But for now the rules state no pro can ride a criterium in 2012 unless it’s on the approved calendar. Many big races aren’t. If an organiser hasn’t bothered to register their race they’re probably not aware of rule 2.7.005 and this isn’t the UCI’s fault. It’s up to national federations to send their calendar of crits to Switzerland. That said there’s been some international inconsistency, some are told to tow the line, others ignore it. In particular we’ll see how Britain approaches the rules given their top cycling official is now in charge of the road racing rulebook at the UCI.

Longer term, let’s hope nobody has to break the rules and this is all sorted soon. Encouragingly last year the UCI allowed events to be added to the calendar after the September deadline, this precedent could be a way to include the British races.

27 thoughts on “Pirate racing”

  1. Gosh, such crisp analysis would give Pat McQuaid some serious headache.

    Let me put this out – why doesn’t UCI encourage cycling reporters to study their rule book and be familiar with the rules. In fact, cycling reporters themselves should have some handle on UCI rules. When Jane Aubrey wrote this http://www.cyclingnews.com/races/jayco-bay-cycling-classic-2012 she should have asked the organizers if the race is UCI registered or not. We give UCI a lot of flak when it comes up short in their workings but cycling reporters should also maintain journalistic standards (cue Dan Lloyd – Vaughters reporting by Velonation) and I’ve felt that they come up short on occasions. You’re doing a remarkable job on this blog of educating the fans and cycling reporters should take a lesson or two.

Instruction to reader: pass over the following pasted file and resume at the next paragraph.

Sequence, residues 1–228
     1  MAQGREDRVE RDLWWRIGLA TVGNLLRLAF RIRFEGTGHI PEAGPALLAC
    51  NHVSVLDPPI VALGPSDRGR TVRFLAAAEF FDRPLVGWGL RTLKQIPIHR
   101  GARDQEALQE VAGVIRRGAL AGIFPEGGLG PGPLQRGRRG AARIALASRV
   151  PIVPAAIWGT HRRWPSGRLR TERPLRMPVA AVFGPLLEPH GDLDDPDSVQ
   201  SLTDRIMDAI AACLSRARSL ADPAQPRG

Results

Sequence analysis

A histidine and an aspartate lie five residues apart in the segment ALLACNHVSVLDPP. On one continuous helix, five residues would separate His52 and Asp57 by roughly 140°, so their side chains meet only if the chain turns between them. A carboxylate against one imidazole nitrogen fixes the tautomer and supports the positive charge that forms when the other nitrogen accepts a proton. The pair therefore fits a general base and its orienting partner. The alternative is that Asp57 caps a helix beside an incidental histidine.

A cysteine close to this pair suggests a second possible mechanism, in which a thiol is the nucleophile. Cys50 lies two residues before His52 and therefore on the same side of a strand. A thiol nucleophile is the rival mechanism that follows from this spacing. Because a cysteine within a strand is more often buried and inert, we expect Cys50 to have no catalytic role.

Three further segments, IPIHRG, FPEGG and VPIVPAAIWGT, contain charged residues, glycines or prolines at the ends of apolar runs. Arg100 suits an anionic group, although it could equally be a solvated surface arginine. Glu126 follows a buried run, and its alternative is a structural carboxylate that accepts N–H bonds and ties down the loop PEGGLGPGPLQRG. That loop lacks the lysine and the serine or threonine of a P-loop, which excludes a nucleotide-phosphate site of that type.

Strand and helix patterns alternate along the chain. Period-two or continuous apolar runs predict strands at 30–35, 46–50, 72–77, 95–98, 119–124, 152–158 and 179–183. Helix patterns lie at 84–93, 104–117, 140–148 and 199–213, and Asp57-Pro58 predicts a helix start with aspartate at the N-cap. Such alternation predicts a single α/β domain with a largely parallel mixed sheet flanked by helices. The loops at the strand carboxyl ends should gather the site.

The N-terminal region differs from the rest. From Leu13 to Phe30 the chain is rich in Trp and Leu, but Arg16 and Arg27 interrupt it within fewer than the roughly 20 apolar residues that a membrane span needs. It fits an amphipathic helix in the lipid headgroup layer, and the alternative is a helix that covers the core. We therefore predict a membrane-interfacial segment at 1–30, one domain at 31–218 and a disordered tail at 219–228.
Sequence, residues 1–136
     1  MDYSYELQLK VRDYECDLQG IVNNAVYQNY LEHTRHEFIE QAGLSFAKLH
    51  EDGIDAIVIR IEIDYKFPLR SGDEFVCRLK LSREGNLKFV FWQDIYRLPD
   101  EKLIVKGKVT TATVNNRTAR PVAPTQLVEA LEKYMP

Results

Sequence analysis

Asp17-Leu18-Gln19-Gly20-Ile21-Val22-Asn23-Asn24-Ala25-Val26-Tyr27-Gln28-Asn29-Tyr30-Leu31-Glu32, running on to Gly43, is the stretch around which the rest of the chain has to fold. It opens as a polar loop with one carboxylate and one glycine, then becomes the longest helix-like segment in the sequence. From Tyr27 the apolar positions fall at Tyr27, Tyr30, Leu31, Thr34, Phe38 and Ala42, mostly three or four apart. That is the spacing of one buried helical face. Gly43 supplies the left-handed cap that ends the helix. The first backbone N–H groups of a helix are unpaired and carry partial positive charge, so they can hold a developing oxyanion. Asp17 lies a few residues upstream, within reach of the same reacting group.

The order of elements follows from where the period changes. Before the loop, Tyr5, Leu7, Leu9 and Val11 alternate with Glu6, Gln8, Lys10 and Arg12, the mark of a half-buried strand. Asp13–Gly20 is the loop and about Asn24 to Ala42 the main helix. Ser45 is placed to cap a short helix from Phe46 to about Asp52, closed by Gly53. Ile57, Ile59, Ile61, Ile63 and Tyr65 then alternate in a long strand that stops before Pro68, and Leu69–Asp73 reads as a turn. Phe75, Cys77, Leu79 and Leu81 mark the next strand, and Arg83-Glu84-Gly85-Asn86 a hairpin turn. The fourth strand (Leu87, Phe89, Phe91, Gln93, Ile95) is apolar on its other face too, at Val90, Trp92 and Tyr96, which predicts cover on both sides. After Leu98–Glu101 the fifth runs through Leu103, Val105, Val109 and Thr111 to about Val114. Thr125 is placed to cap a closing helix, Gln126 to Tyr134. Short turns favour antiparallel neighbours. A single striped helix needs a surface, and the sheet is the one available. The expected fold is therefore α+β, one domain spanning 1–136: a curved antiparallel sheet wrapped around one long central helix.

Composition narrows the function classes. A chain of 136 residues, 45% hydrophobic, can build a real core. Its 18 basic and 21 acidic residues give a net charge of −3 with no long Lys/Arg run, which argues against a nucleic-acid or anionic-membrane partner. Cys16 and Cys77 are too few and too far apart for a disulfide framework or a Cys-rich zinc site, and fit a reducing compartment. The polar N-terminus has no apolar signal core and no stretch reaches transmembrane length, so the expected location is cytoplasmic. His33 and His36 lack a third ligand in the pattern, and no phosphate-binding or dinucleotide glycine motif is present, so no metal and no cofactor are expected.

2. Ankush makes an interesting point – YOU dig up this stuff for fun (I hope anyway) while the guys who get paid (though sadly, rarely enough) either don’t know or don’t care. Of course THOSE guys also get their income from (directly or indirectly) from the bike industry so how much incentive do they have for unbiased investigative reporting?
    As to the actual races down under, I hope they consider them just like the post-tour shows and let ’em go as planned for now….but eventually fix the rules so everyone understands them…and then start enforcing them fairly. That may be a tall order for the UCI but as the UCI it should be the most important part of the reason for their existence.

  3. Is this why these riders race under local teams that are not UCI registered? When Matt Goss won the series last year he was racing for Team Degani Cycling Café and Robbie McEwan for Mazda. What further confuses me about this is that photos from the race show them wearing their pro team kit i.e., Graeme Brown racing for Urban Hotels but wearing full Rabobank kit.

  4. Uh, that rule is unenforceable. It doesn’t say the riders cannot ride. It says “the organisers .. may not … allow them to ride”.

    The trouble with this definition is that it appears to place the obligation on the “Organiser” to *stop* a cyclist from riding. The rider can ride, if he is not stopped, and there is no sanction or obligation on the rider to not ride. The next question is… does the “organiser” give a toss about UCI rules? As far as I can tell, and perhaps inrng can shed some light on this, the Jayco crits are run by a caravan manufacturer, or possibly an Australian local company called “Cycling Events”.